This year, the event will focus on the advent of the Fourth Industrial Revolution and the end of the era of overabundance – two factors that are transforming the Middle East luxury industry.

    As innovation, adaptability and sustainability become the new norms, the industry’s stakeholders are faced with the necessity of adapting to single-digit growth in brick-and-mortar sales.

    Meanwhile, the digital disruption has arrived and online platforms are vying for the lion’s share of the market and enjoying double-digit growth.

    Can luxury businesses adapt to an environment of digital disruption? What does the future of retail look like in this new environment?

    Attend Arab Luxury World 2017 on May 22 and 23, 2017 at Westin Mina Seyahi, Dubai to find out.

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    I first started out in advertising as a junior account executive, which essentially meant analysing newspaper ads. I would monitor them, gather clippings, see what was what, and report back. It wasn’t the highlight of my career, by any stretch of the imagination, but I did learn; the size of a quarter page in Gulf News, what colour separations meant, how different brands communicate, the way the language is written, and why certain images are used. Everything I learnt is still of value to me today.

    Shortly after, I became an account executive on the Nissan account. I had recently returned from the US, was not long out of university, and, as many people do in my situation, thought I knew everything. I remember how my Japanese client at that time pulled me aside and said: “Your job for the first two years is to sit, learn and listen.”

    Today things have changed. Who invests time in such learning anymore? Employees across all industry sectors skip or jump rungs on the career ladder, and this is as much our fault as it is theirs. Account Directors become chief marketing officers; junior journalists become editors; bank clerks become financial advisers. But most worryingly, our reliance on technology is degrading our own mental capacity as communicators. Increasingly we rely more on technology than we do on ideas.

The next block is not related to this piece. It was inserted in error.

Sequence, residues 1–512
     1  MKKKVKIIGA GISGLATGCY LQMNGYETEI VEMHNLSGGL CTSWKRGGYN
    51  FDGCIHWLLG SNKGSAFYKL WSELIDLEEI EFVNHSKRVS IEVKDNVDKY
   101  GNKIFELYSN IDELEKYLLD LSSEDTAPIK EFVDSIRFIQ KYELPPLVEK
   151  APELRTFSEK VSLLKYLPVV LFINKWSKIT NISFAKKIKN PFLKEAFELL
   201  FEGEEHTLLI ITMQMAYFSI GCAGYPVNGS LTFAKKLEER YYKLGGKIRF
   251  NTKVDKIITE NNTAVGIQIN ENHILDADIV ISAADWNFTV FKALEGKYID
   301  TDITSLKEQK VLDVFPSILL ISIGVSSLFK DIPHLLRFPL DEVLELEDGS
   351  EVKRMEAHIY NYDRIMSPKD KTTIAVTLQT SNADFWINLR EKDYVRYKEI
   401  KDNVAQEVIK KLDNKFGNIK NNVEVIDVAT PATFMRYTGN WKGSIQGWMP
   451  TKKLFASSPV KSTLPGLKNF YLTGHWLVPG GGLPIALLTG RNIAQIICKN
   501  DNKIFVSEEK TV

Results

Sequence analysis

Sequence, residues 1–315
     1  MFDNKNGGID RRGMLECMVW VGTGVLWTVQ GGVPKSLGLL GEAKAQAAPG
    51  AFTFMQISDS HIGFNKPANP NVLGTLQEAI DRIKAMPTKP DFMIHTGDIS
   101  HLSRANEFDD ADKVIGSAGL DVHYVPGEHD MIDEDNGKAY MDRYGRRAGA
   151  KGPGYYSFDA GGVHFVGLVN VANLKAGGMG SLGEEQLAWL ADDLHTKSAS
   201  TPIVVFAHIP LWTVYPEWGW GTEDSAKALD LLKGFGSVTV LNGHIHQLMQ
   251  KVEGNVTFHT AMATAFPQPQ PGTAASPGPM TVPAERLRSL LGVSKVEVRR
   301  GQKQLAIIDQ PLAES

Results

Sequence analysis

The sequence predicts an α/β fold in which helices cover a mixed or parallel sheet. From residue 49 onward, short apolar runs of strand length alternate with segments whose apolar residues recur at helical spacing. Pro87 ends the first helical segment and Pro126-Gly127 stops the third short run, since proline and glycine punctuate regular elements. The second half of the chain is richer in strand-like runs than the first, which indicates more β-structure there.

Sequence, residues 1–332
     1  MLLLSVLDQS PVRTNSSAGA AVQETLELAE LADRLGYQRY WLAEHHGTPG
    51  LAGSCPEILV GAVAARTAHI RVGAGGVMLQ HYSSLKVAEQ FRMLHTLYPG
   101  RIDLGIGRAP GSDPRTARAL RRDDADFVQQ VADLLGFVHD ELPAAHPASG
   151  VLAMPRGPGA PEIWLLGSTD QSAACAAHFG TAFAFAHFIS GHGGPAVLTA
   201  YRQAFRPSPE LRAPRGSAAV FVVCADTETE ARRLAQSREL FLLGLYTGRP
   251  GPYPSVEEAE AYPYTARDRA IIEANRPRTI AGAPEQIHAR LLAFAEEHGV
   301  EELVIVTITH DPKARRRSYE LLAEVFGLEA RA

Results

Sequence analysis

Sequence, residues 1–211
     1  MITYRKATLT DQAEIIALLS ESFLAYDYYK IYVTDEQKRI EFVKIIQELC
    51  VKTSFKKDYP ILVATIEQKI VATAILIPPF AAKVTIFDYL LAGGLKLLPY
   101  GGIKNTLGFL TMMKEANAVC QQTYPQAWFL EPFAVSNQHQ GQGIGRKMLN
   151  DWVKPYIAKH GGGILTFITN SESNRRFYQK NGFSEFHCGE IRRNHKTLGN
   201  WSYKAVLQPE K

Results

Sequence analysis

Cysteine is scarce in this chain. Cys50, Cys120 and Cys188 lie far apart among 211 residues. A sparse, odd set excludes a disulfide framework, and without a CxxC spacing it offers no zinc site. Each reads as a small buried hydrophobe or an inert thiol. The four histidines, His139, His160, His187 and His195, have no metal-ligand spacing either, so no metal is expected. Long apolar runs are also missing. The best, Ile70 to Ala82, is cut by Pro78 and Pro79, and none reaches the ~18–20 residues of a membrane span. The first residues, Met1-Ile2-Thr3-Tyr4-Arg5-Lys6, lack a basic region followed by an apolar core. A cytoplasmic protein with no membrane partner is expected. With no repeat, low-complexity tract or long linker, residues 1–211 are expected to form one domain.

We no longer remember phone numbers because they are stored in our contacts. The route from A to B is forgotten because we rely on Google Maps for navigation. Meanwhile, our children are becoming progressively worse at mathematics because they always have their smart phones within reach. And the more we rely on web services for certain cognitive and memory functions, the more those abilities weaken.

    We live in an age where experience has been sent to the back of the classroom. Where youth is valued above all else. Time used to equal knowledge, experience, and gradually rising through the corporate structure. Now it’s technology, disruptive thinking and entrepreneurialism that matter.

    But what does it really matter? How important are knowledge and experience anyway?

    The industry is far less rigid now, age and experience are no longer key factors in what you can achieve. We do, after all, live in a world where the president of the French Republic is 39.

    I like this brave new world. But if we lose knowledge, we lose something of ourselves and the industry will be poorer for it.

    Nevertheless, there is more opportunity than ever before for those with spark, pizazz and drive, regardless of age. Ideas are flourishing, collaboration has become fundamental to progress, and we are embracing failure in an era of entrepreneurialism.

    I was talking to a friend the other day and they asked: “Who would you rather hire? Someone that started a company, but failed and learnt from it, or someone with years of experience and multiple different degrees?”

    It’s a difficult question to answer.

    There’s no point in holding onto the old days, however, not everything that’s old is outdated, and not everything that’s new will be a success. That’s where you count on your instinct and your experience to figure out what’s what. Experience comes with time and investment in knowledge and learning.

    Reda Raad is the Group CEO at TBWA\Raad

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    The ninth edition of the MENA Effie Awards (Effies) is set to take place on November 15, 2017. The awards programme was launched to honour the most effective marketing efforts in the region and the ceremony is expected to attract more than 2,000 attendees, including the best marketing and advertising minds in the Middle East.

    The call for entries is now open across 29 categories, including a new addition for this year – ‘Renaissance’. The first entry deadline is on Thursday, September 7, with the second following on Thursday, September 14, and the final deadline on Thursday, September 28. All entries must be made before 6pm Dubai time on the specified dates.